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How to Deal with Common Anxiety Disorders

There are some signs of common anxiety disorders not only in humans but also in all living things. In fact, anxiety, whether real or imaginary, seems to be a necessary adjunct to survival. The impulse to worry is constructive in origin. If we didn’t worry, we wouldn’t achieve anything. At the most fundamental level, if parents did not worry about providing for their children they would not bother to go out in the pursuit of food. But outside the common language, anxiety is a much broader and multifaceted concept that constitutes one of the main symptoms of a large number of psychological problems.

Common Anxiety Disorders: Anxiety as a Source of Motivation

Anxiety disorders have many good effects. It is a source of motivation. A person devoid of anxious reflexes would be either totally nerveless or totally lethargic. Worry has its uses. Sometimes, the greater the anxiety is, the greater the will to overcome. The biological root of anxiety is to galvanize us into action to survive – and it still operates in this way. For example, worrying about possible symptoms of an illness prompts us to seek treatment and thus possible cures. It is natural to worry a little about money, security, safety, survival, one’s family, one’s health, the passing of time and lots of other things that are symbols of survival. It is when anxiety becomes compulsive and obsessive that it becomes neurotic. Anxiety is also catching: the anxious mother transmits her feelings to the child, and makes the child timid and fearful in turn.

Common Anxiety Disorders: How to Deal With!

The trick of dealing with anxiety disorders is to try to compartmentalize it. You must realize that some worrying is merely displacement activity. People will worry a lot about a pain in their big toe; but they would forget about that very quickly if they suddenly had a heart attack. It seems that people must worry about something, and if they can’t find something bit to occupy their minds, they’ll worry about something small, and inflate its importance.

Very busy people who carry a lot of responsibility master the trick of compartmentalizing their worries by deferring some until the next day: ‘I’ll tackle this problem today, but the other two I won’t worry about until Monday.’ Working on a system of priorities, some worries are more important than others; if you have to get some papers to the printers this week, that’s a worry to be concentrated on now. There’s little point in worrying about the tax you might have to pay next year.

Never worry about something before you have to. Consider an anxiety, and ask yourself: Do I have to worry about that now? Can I take any action to remove the worry? If you’re worried about a letter you haven’t written, for example, the only thing to do is down tools and write the bally letter. Get what can be done, done, each day – and then try to relax. Don’t put off what can be done, if you can help it; but do put off what need not be worried about yet.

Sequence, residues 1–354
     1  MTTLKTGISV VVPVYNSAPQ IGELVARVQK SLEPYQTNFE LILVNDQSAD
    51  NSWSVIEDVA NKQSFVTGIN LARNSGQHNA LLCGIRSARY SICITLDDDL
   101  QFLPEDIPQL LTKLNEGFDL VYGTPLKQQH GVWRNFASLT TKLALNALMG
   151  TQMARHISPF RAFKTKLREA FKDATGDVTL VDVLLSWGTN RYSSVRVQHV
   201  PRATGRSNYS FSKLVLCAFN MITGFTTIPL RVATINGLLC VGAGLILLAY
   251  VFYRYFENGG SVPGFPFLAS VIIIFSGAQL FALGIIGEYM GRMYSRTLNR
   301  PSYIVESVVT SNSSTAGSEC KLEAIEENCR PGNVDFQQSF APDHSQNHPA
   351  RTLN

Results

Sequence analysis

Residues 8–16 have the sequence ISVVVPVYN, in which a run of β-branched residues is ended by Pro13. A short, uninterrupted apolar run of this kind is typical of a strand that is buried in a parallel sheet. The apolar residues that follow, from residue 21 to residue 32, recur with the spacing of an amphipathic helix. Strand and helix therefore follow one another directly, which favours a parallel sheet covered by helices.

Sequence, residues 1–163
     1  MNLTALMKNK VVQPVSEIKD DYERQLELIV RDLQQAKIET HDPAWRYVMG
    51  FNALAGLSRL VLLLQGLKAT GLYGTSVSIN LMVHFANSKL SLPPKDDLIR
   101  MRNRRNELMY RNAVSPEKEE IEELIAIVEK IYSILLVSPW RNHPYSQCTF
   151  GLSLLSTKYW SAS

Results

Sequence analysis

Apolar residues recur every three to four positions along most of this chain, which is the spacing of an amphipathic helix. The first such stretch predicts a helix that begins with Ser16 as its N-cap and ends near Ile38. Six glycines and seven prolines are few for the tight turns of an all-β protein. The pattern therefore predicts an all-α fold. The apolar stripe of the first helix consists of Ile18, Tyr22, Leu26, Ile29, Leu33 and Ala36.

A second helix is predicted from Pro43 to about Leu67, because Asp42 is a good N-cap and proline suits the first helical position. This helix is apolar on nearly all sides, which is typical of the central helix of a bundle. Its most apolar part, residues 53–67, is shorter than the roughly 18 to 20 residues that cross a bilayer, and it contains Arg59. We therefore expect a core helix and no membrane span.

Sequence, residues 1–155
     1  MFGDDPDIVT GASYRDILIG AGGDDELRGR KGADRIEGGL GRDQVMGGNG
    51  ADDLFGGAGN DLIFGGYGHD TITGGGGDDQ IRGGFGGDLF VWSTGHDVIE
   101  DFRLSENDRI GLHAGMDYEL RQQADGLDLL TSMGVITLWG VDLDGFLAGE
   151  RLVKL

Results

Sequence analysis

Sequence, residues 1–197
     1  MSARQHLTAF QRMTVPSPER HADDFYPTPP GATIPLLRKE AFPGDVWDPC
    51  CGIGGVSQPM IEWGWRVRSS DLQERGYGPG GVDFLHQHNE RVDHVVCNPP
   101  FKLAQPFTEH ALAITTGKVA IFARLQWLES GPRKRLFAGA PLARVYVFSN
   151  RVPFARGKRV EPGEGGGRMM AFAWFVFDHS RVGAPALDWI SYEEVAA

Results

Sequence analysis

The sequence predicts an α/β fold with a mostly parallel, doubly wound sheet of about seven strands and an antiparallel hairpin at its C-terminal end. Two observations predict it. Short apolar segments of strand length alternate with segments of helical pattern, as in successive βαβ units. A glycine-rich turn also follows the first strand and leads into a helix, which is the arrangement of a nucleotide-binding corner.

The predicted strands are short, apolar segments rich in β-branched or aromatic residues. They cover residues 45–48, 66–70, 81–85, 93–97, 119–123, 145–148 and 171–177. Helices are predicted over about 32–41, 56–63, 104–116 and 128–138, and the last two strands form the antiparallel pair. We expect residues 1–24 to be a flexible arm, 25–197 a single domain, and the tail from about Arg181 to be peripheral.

Many people find help in the good old system of making lists. If you are tossing and turning at night, worrying about all the things you should do the next day, get up and make a list, and then cross them off, one by one, as you complete each task. Keep a perpetual notebook with you and add items as you remember them; this way less strain is put on your memory and the mind can concentrate on actually getting things done.

Try to separate the things which you can remedy and the things which you must accept. It the kitchen sink pets blocked up, it’s maddening and inconvenient, but it’s not something you should waste emotional energy worrying about. Too much precious human talent is wasted this way, and it’s one of the bars to real achievement. Fragmentation and the constant feeling of things left undone if combining a job and a family, indecisiveness due to loss of confidence and self-esteem, and general fatigue form coping with toddlers all contribute to making the small worries in human life seem out of all proportion. On the other hand, failing eyesight or rising blood-pressure in a difficult pregnancy are real worries with women which require reflection and plans, care and therapy. Worrying about them is constructive.

Common Anxiety Disorders and Depression

However, among the common anxiety disorders which are irrational, are often the most difficult to cope with. If it develops into a phobia, then it is akin to a depressive illness. But small anxieties can haunt one without actually making one ill. They can pile up and crowd in on you until you are immobilized by a general state of anxiety and find it impossible to deal with even small problems, now grown out of all proportion to their seriousness. From time to time during the day you should make a conscious effort to relax and get things back into perspective. The best way to do this is by distancing techniques. Either looking at what is causing you anxiety in the context of your whole life, so that you can make a realistic assessment as to its gravity, or try literally taking off mentally, removing your mind from your body and putting greater and greater distances between them until you look at yourself form the room, from outside the house, moving back further and further until you leave behind the city, the country and finally the world itself. From out there in space you can see the dot which is you and the pinpricks of your anxieties for what they are. Having got your problems back to a size that you can cope with, tackle them – or at least some of them – immediately before they have time to grow again.

You May Also Like Reading:

>>Living in a World with Depression
>>Relaxation Techniques for Anxiety and Stress Relief

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